Direct Response Insights
From a Jazz Poster Promotion

I’m currently waiting for some food at a restaurant (take out, so I can bring it home and share it with my girlfriend who is working at home) and I thought this would be a perfect opportunity to write a little message to you and talk about what I’ve been up to today. 
You see, I just spent about 2 hours blasting around my town hanging up posters for a jazz concert I’m putting on this Sunday. It’s Tuesday as I write this, so it’s a pretty short lead time to be hanging up posters – but you gotta do what you gotta do! 
The reality is that I don’t know many people in town, even though I’ve lived here for roughly 10 years now. (Introverts for the win.) I have a few core friends, and they already know about the show, so that’s that. But as far as getting other people to show up, well, that’s where the posters come in. 
Now, I did mention it is for a jazz show, right? So, my ideal audience isn’t exactly just hanging around everywhere. 
It’s not like a UFC show or some kind of big event that has mass appeal… 

This is a niche niche niche event! 

So for my posters to have maximum effect I needed to put them in the right spots. 
The first place I thought of was at high schools in town. Now, that’s probably not the best place to put them as far as ensuring I get a good turn out at the show. The reality is that most high school students probably don’t really care or want to see a jazz concert. But, I was once a young eager high school musician, and I would have jumped at the chance to see a jazz concert in the small town where I grew up. So, this was really about me trying to ferret out any potential keen young students who would really be interested in the show, as unlikely as that might be. So, this approach is kind of a passion project for me (as is this whole jazz show, really). 
The next spot where I thought to put up posters was the university and college here in town. They each have a music program, so in theory there will be interested students walking around who might want to come to a jazz concert.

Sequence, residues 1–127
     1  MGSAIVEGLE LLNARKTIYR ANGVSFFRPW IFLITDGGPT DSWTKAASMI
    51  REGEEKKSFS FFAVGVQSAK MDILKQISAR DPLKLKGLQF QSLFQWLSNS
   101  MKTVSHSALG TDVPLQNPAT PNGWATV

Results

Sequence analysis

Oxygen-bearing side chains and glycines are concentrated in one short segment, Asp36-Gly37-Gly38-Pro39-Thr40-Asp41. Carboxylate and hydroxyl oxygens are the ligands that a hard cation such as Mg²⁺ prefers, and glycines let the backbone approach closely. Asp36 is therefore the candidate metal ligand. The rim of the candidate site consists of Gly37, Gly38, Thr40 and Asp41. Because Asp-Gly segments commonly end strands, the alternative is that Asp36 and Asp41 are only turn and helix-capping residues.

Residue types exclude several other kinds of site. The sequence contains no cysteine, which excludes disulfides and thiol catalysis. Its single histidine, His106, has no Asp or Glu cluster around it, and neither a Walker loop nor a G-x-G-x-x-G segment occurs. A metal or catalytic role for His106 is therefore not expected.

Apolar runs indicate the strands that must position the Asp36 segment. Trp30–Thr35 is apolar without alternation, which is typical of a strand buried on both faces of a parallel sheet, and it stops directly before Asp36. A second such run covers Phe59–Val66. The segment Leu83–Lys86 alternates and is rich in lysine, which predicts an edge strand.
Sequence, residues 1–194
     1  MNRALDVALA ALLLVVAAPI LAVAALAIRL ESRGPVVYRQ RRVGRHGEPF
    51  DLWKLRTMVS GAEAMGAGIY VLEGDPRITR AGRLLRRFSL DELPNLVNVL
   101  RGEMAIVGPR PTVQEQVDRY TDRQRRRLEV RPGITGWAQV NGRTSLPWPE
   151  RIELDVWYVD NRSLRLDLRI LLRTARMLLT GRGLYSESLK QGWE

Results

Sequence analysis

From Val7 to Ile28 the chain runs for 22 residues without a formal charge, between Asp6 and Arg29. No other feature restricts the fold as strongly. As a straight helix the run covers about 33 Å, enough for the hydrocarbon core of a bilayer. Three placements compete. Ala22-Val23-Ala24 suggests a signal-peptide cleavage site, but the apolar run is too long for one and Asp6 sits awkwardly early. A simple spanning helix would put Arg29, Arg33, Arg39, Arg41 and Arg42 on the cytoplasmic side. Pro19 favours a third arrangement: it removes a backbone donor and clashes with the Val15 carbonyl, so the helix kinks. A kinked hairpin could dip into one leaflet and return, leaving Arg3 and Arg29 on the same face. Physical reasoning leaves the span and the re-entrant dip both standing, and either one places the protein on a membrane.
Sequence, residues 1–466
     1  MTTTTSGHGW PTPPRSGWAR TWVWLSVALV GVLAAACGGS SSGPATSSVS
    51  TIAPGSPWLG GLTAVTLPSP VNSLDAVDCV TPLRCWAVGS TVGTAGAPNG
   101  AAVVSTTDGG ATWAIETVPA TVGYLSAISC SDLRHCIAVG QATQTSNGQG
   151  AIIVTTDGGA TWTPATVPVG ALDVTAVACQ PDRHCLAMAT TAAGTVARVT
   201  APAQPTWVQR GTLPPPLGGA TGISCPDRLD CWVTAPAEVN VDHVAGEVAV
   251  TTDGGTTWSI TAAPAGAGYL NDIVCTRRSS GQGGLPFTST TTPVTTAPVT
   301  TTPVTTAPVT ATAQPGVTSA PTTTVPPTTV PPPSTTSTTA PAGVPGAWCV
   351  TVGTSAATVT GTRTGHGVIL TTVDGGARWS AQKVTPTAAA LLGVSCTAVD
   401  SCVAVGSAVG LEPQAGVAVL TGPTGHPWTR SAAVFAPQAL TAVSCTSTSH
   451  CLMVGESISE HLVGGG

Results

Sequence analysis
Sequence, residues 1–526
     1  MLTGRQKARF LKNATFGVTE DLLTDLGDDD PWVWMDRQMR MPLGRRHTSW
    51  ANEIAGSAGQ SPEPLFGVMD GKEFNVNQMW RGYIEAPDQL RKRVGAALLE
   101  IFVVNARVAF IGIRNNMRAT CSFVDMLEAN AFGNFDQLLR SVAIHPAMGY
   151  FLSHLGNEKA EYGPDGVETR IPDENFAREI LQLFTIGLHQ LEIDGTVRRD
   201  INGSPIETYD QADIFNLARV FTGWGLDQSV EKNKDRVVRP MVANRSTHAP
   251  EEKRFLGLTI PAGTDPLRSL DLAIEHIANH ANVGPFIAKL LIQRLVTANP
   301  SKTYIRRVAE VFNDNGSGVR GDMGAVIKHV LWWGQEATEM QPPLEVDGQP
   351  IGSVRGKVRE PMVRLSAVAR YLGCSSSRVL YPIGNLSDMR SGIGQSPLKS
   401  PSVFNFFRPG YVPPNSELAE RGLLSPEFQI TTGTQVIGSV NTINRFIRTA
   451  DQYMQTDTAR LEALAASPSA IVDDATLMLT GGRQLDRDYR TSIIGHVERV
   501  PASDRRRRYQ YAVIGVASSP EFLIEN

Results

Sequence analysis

I have to admit I’m a little jaded and suspicious as to whether any will show up (…time will tell), but, theoretically, there should be some interested students hanging around the campus music buildings, so that’s where I put the posters up. 
Next on my list was music stores, both instrument stores and record/cd stores. (Yes, record stores still exist.) So I hit them up. My logic? I’m trying to find people who are passionate and interested in music in general, (and hopefully in jazz specifically) and who are willing and able to pay for music – and if someone is in a record store that’s a good sign (again, at least in theory) that they’re willing to pay to hear music.
Ok, next was the more general stuff, like coffee shops and other little hangouts where people go to meet each other, relax, hang out, make plans to do things, etc. If they see my poster and a jazz show sounds interesting to them, then maybe I’ll see them at the show! 
That more or less exhausts the locations I put the posters. 
Now let me describe the poster in a bit more detail.
First, let me tell you about the OTHER posters I saw hanging up on the bulletin boards and various other locations where I hung my posters…